My compliments Bishop Bill. Great topic and narrative. In an effort to be a decent human being and to live nobly (as much as possible) I do think it is important to not “speak evil” of anyone; and to be as respectful as possible. Unfortunately, there are times when trust has been given too freely, or one’s faith, support and loyalty has been misused or discarded. When this occurs, I think it is entirely appropriate and healthy for one to stand tall and speak “truth to power”; and/or those who think they have “power”.
I thought y’all might enjoy reading a letter that I wrote to a dear friend last year (who is still very involved with “the Church” – Leadership Callings etc.) I think it’s one of the most sincere, heartfelt things I’ve ever written:
I hope my note finds you and your family coming out of a great Holiday Season; and are now looking forward to a happy and productive 2019.
Well, where do I start?
xxxx, before I launch into the core reason as to why I’m writing today, I’d like you to know that I’ll forever be thankful to you for what you’ve done for me (and my family) over the course of almost 25 years. I’m personally so grateful for the opportunities you offered to me and the support you freely gave; which allowed me to excel and have a “really great run” for so many years. This period of time represents some of happiest times for me personally and for our family – and some of the most productive. Our shared hard work and efforts provided a means whereby my children were gifted a great springboard into life.
I will always honor and love you for the friendship, kindness and goodness you’ve shown to me.
Last fall, you reached out to me with an invitation to get together for lunch. The term you used at the time was “Let’s Talk”. My experience with xxxx tells me that a “Let’s Talk” invitation is quite a bit different than “Hey good buddy, I’m missing you; how about getting together for a sandwich and getting caught up?” While I freely acknowledge that this assumption may be wrong, my emotional reaction at the time is a direct reflection of how much I’ve changed in the way I view the world, the LDS Church, people in general, large organizations and many other things.
As a young man I was full of hope, idealism, faith in the basic goodness of people and a core belief that the world is basically “God’s garden to sow”. (I suspect that a majority of people have felt this way at some point in their life) and then life experience inexorably starts to chip away. For me, this kind of thinking and belief was burned away long ago; and it’s simply not coming back. My trust of people, and organizations, is very, very limited and is no longer freely given.
Anyway, this leads me to a paradox – with which I struggle. Here I have a dear and valued friend, who has blessed my life and helped me – and has freely given of his friendship – and yet I hesitate getting back together with him, for I know that there are certain things (which frankly are very triggering to me) that I have no desire to discuss or re-open. For if I do, the tight ball of fury, which still exists deep down in my gut, and which I’ve finally (after years) gotten under control, may flare and be directed at him; even though much of its’ source has nothing to do with him.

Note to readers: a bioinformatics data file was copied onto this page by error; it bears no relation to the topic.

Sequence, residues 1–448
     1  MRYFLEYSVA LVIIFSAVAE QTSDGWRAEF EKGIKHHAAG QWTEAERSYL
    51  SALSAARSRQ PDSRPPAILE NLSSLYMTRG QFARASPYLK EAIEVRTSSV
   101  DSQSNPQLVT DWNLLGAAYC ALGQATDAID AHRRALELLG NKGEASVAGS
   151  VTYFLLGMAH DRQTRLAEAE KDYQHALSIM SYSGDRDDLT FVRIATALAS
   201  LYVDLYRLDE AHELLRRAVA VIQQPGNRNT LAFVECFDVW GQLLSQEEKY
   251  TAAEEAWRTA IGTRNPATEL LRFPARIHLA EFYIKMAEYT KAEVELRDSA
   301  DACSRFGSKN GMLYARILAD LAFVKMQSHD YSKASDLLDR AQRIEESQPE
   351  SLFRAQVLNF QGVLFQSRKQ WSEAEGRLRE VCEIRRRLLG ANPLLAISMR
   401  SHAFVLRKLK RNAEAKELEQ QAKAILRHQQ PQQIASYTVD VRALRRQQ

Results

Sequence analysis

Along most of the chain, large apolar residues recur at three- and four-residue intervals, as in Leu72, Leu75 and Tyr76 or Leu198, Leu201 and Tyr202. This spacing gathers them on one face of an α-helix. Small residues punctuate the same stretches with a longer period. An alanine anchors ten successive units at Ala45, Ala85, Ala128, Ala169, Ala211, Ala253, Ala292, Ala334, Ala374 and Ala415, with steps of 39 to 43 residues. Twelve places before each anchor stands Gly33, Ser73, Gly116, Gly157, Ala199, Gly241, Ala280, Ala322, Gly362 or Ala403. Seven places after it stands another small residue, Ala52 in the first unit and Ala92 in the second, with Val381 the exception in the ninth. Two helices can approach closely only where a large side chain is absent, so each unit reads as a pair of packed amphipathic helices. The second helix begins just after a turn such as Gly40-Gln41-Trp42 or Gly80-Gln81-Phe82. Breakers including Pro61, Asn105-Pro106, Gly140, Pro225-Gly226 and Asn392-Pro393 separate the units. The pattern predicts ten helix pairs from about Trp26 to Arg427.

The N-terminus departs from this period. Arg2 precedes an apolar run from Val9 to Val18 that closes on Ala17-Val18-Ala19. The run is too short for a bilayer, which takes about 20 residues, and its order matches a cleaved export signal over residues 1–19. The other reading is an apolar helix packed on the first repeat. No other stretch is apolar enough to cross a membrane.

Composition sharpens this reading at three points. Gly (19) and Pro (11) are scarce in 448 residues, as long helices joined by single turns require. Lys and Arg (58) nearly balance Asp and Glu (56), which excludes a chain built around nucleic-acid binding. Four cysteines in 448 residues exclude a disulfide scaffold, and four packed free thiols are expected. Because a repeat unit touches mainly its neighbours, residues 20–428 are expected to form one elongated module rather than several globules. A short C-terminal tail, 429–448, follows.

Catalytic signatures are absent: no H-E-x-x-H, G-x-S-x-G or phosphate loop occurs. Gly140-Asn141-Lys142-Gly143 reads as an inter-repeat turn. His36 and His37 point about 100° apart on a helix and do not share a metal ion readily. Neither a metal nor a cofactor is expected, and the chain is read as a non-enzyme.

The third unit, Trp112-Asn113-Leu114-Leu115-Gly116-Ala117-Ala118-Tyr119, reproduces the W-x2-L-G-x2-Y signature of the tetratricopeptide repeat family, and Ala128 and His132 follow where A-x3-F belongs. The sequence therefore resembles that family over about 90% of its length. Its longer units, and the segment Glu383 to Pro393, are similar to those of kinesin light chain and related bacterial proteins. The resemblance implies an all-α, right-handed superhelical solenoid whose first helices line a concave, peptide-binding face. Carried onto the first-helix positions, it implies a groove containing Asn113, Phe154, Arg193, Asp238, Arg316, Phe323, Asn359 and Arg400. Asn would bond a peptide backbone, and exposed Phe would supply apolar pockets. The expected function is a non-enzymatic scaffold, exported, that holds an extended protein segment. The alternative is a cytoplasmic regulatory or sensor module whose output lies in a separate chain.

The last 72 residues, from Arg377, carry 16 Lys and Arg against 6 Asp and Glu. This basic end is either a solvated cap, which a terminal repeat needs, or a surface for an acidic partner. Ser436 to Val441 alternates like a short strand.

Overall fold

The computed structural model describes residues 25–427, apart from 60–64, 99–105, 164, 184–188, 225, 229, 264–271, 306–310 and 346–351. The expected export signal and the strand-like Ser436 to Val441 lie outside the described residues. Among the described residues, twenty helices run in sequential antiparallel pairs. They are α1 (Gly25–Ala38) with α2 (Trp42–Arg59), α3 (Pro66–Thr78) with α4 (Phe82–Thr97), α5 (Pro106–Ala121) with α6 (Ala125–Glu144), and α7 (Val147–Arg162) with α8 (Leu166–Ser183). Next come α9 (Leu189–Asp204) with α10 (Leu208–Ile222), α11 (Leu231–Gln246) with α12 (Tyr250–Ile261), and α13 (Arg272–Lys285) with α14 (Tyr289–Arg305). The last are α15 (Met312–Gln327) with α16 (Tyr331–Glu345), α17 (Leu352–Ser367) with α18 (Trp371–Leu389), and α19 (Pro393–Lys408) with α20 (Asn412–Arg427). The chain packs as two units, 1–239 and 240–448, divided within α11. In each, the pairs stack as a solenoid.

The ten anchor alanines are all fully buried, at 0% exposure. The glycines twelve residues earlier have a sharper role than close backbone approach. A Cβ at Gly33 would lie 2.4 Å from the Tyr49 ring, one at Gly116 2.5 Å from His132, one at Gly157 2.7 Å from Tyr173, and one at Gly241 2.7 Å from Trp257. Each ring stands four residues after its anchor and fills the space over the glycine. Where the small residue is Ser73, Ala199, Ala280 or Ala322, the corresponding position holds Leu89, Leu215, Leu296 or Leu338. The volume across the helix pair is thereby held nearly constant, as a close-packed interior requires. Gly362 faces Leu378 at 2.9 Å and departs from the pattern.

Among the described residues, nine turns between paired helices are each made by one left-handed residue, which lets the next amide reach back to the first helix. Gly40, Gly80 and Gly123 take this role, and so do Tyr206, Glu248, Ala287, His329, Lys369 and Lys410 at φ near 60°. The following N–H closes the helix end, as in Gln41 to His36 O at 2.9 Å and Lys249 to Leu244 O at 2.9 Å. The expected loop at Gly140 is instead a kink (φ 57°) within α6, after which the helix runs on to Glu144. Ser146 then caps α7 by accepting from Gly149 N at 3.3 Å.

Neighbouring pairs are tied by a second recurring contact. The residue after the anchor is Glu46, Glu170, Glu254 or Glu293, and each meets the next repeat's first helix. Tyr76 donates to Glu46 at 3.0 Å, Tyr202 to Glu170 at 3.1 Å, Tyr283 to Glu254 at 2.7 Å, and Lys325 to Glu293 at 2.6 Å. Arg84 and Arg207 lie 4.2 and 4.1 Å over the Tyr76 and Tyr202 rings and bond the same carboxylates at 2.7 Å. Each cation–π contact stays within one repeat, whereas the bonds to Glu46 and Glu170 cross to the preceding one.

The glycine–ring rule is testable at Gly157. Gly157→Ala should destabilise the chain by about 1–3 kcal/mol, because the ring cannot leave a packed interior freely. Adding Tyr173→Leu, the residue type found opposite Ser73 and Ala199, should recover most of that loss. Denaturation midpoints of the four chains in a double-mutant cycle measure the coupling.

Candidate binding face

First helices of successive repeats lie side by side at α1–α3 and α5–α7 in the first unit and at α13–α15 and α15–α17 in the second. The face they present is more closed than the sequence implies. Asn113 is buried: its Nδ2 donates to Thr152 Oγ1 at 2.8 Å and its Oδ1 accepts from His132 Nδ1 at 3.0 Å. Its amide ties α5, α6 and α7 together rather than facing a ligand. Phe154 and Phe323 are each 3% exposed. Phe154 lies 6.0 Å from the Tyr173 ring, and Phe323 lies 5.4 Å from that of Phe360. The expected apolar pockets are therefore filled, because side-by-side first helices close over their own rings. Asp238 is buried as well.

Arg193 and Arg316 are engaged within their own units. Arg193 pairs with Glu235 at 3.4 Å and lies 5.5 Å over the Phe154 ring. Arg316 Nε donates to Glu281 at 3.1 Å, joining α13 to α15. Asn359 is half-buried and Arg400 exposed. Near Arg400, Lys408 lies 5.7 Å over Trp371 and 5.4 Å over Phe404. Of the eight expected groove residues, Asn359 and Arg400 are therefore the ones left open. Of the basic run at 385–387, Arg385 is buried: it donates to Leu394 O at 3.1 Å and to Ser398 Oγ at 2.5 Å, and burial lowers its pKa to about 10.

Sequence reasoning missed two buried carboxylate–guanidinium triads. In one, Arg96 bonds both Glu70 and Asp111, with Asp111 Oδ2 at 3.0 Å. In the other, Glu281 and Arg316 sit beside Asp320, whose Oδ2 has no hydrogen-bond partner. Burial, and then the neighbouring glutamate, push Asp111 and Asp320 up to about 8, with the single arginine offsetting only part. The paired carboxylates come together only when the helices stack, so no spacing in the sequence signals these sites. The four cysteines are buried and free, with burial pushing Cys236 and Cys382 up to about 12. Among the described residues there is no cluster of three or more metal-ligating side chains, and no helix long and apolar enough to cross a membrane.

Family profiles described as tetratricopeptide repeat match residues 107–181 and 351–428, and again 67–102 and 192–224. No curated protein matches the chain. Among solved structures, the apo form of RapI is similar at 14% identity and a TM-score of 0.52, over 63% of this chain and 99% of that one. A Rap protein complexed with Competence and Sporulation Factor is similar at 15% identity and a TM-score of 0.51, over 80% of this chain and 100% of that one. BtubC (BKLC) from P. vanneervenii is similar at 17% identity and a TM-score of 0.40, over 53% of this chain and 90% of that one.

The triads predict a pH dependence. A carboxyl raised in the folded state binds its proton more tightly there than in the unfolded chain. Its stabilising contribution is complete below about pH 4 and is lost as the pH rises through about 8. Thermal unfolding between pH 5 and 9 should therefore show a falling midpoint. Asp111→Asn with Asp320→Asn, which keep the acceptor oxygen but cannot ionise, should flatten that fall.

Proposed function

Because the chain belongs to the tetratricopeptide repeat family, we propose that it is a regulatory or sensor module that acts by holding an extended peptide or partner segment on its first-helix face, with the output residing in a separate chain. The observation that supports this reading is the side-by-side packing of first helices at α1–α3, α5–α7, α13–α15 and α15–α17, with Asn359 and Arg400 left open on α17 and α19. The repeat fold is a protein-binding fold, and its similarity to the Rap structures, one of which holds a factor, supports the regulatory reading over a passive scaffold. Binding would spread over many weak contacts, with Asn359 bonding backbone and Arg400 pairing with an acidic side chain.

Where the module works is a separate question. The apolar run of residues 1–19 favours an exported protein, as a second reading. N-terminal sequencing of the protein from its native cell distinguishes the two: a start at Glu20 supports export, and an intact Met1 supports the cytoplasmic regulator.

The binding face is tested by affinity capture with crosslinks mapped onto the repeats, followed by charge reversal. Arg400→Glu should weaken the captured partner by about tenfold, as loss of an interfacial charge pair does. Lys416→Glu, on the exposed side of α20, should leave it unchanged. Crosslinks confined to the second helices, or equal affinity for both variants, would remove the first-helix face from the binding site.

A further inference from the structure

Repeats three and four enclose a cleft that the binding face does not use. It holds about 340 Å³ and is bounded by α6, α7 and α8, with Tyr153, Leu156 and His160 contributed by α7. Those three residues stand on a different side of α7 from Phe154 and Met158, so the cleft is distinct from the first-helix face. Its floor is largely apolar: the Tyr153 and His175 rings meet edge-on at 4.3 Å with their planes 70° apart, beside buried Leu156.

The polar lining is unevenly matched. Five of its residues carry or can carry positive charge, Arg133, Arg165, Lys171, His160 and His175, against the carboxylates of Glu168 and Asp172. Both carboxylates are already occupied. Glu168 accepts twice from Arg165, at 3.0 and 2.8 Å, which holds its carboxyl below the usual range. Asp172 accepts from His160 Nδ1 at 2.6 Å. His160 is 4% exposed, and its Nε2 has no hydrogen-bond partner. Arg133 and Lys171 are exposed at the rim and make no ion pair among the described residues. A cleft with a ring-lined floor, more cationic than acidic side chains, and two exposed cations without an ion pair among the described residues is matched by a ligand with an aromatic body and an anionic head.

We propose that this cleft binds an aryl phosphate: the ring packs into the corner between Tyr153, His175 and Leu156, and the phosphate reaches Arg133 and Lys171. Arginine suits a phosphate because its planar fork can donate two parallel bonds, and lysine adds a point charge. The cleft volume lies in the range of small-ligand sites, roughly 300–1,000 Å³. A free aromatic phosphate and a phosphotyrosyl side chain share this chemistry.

xxxx after being thrown away 10 years ago, it has taken a long time – and honestly – a great deal of pain for me to rebuild my life; my self-esteem, my confidence, my sense of self and purpose, my sense of humor and frankly (a sincere desire to live). Of course, my path was not entirely set by all of us being tossed out of the company to which we had given so much. However, when combined with long-term unemployment, significant financial harm and the soul grinding experience of trying to hold everything together – with little hope….let alone almost 30 years of raising and managing a severely Autistic child…I’ve arrived at a place where there are certain things I will do and things I will not do.
xxxx I love you. You’re like a brother to me and I’m forever in your debt. However, I will not discuss The Church of Jesus Christ of Latter-day Saints, its doctrines, its practices or how I now feel about these things. I’ve done all I can to maintain some semblance of a belief in God; and to that I cling. I do stay fairly engaged with the Church primarily to “keep the peace” and to support my family and extended family. I acknowledge, respect and admire all that you’ve done within the Church; your callings, service and responsibilities – and the work you’re now doing in the Temple.
With all sincerity of heart, I’m asking that you don’t feel it your responsibility (spiritually or otherwise) to broach these topics with me. And, please do not bear any kind of testimony to me; for frankly I can do that as well (or better) than most people. I now find that when people do this to others (without invitation) it feels condescending and to a degree offensive.
From my heart, I so hope I’ve not offended by sharing these very private feelings with you. Honestly, I wanted to be candid rather than to continue to ignore these things and allow the distance to increase.
Please know that I’d truly love to get together as old friends, have a sandwich, reminisce on the good times and good friends and simply laugh. If what I’ve shared with you makes this kind of meet up uncomfortable or less than attractive, I understand.
You have been, and forever will be my friend.
Love you, bro
Wow. It was worth the time to read your letter. So well stated. Thank you for sharing this. I would guess it expresses the feelings that many of us experience.
If criticism related to LGBTQ+ issues, polygamy, woman’s role in the Church, etc. is “evil speaking,” then I am guilty.
Reader: Thank you for your kind comment. Much appreciated.